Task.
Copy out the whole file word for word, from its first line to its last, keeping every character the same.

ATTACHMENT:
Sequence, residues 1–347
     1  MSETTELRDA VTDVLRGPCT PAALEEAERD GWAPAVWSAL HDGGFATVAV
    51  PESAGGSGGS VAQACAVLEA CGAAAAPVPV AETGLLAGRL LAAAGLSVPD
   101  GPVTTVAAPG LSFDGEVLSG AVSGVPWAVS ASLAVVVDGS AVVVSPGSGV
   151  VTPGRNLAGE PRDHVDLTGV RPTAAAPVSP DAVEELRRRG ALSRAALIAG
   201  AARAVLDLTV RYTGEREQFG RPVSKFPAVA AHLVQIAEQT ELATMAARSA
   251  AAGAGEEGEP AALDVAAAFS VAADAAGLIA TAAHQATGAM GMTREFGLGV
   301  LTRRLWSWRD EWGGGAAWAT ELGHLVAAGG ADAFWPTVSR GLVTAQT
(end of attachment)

Sequence, residues 1–347
     1  MSETTELRDA VTDVLRGPCT PAALEEAERD GWAPAVWSAL HDGGFATVAV
    51  PESAGGSGGS VAQACAVLEA CGAAAAPVPV AETGLLAGRL LAAAGLSVPD
   101  GPVTTVAAPG LSFDGEVLSG AVSGVPWAVS ASLAVVVDGS AVVVSPGSGV
   151  VTPGRNLAGE PRDHVDLTGV RPTAAAPVSP DAVEELRRRG ALSRAALIAG
   201  AARAVLDLTV RYTGEREQFG RPVSKFPAVA AHLVQIAEQT ELATMAARSA
   251  AAGAGEEGEP AALDVAAAFS VAADAAGLIA TAAHQATGAM GMTREFGLGV
   301  LTRRLWSWRD EWGGGAAWAT ELGHLVAAGG ADAFWPTVSR GLVTAQT